Sanatana Dharma: The Four Pillar of Dharma (Series # 06)

Once upon a time, Lord brahma (creator) has been called by Lord Shiva (destroyer or Adi-yogi) with lord Vishnu (preservation). Lord Vishnu and Lord Brahma challenged Lord Shiva that they know the depth and height of Shiva Lignum (Shiva symbol). Lord Shiva politely asked to not being egoistic for their knowledge. but Both denied. they run for completion but both were unable to find depth and height of lignum. At last Lord Vishnu confess that he was unable to  depth but Lord brahma said blunt lie about his search. The same day, Lord Shiva crush him to tell lie about the competition that due to violation of dharma code he will not be worship in any part of India except Pushkar- Brahma Puran.

The above story from Shiv Puran is an example of Dharma. What is the value of Law, inside dharma. Even God can not be spare from wrath of cosmic law. Now, the purpose of this blog is discuss the five most important pillar of Dharma.

Karma:

For Hindus and non-Hindus alike, one way to gain a simple overview is to understand the four essential beliefs shared by the vast majority of Hindus: karma, reincarnation, Divinity and dharma. Karma is a natural law of the mind, just as gravity is a law of matter. Karma is not fate, for man acts with free will, creating his own destiny. The Vedas tell us, if we sow goodness, we will reap goodness; if we sow evil, we will reap evil. Karma refers to the totality of our actions and their concomitant reactions. The conquest of karma lies in intelligent action and dispassionate reaction. The Vedas explain, “According as one acts, so does he become. One becomes virtuous by virtuous action, bad by bad action” (Yajur Veda, Brihadaranyaka Upanishad 4.4.5).

Reincarnation:

Reincarnation, punarjanma, is the natural process of birth, death and rebirth. At death we drop off the physical body and continue evolving in the inner worlds in our subtle bodies, until we again enter into birth. We are not the body in which we live but the immortal soul which inhabits many bodies in its evolutionary journey through sansar.  Reincarnation ceases when karma is resolved, God is realized and moksha, liberation, is attained. The Vedas state, “After death, the soul goes to the next world, bearing in mind the subtle impressions of its deeds, and after reaping their harvest returns again to this world of action. Thus, he who has desires continues subject to rebirth” (Yajur Veda, Brihadaranyaka Upanishad 4.4.6).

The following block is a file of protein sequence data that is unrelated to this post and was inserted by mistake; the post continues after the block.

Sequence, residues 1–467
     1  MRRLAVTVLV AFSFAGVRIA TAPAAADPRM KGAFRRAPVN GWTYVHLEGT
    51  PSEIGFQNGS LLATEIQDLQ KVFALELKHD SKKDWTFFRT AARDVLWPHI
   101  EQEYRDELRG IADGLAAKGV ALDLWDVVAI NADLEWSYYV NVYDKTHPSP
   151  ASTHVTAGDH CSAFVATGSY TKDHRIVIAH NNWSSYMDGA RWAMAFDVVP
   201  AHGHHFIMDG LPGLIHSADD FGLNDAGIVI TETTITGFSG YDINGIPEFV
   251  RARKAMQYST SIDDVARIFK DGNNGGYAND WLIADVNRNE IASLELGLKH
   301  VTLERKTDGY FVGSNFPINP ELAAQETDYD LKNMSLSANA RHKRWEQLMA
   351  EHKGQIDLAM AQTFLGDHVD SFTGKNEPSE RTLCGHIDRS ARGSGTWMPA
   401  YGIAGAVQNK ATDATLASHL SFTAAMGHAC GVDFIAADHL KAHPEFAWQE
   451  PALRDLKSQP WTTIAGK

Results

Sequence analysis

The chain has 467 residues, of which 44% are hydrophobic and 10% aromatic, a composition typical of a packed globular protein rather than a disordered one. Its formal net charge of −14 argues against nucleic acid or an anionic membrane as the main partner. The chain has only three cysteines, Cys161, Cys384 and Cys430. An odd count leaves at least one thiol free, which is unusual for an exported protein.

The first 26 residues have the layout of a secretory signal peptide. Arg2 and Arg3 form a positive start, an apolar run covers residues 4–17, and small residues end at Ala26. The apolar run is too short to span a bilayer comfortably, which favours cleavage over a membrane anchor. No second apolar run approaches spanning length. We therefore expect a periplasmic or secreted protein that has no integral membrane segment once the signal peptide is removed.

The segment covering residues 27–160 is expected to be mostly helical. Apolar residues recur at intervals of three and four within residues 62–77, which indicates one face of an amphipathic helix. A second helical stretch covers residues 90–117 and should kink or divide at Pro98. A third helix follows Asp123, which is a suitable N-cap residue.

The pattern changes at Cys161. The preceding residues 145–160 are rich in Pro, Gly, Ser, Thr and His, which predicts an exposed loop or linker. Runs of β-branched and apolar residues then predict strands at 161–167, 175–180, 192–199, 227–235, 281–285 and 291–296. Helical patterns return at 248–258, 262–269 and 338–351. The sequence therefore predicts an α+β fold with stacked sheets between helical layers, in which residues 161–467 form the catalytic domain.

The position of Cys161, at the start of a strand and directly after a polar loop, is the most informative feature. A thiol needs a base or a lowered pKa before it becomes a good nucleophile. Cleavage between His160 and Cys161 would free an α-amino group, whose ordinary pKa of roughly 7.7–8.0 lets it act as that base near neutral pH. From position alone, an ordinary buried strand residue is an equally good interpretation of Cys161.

All-Pervasive Divinity:

As a family of faiths, Hinduism upholds a wide array of perspectives on the Divine, yet all worship the one, all-pervasive Supreme Being hailed in the Upanishads. As Absolute Reality, God is un-manifest, unchanging and transcendent, the Self God, timeless, formless and space less. Each denomination also venerates its own pantheon of Divinities, Mahadevas, or “great angels,” known as Gods, who were created by the Supreme Lord and who serve and adore Him. The Vedas proclaim, “He is the God of forms infinite in whose glory all things are—smaller than the smallest atom, and yet the Creator of all, ever living in the mystery of His creation. He is the Lord of all who, hidden in the heart of things, watches over the world of time” (Krishna Yajur Veda, Shvetashvatara Upanishad 4.14-15).

Truthfulness :

In one of the Upanishads there is a categorical statement, with no qualification that tells us to speak the truth (satyam vada). At the same time, speaking the truth must pass the twin gateways of being necessary and kind.

Mahaṛshi Patanjali, the great exponent of Rāja Yoga, recommends that ten virtues should be practiced by all men. The first five can be considered as principles of selfrestraint (yama): nonviolence (ahimsā), truthfulness (satya), celibacy in thought, word and deed (brahmacharya), nonstealing (asteya), and noncovetousness (aparigṛaha). The other five virtues are religious observances (niyama): internal and external purity (shaucha) contentment (santosha), austerity (tapas), study of scriptures (svādhyāya) and surrender to the Lord (Īshvarapraṇidhāna).

The development of these values is indispensable for the spiritual seeker. Knowledge and practice of the truthful and righteous way of living, will lead to the purity and fearlessness that is a prerequisite to the absolute bliss of Selfrealization.

 

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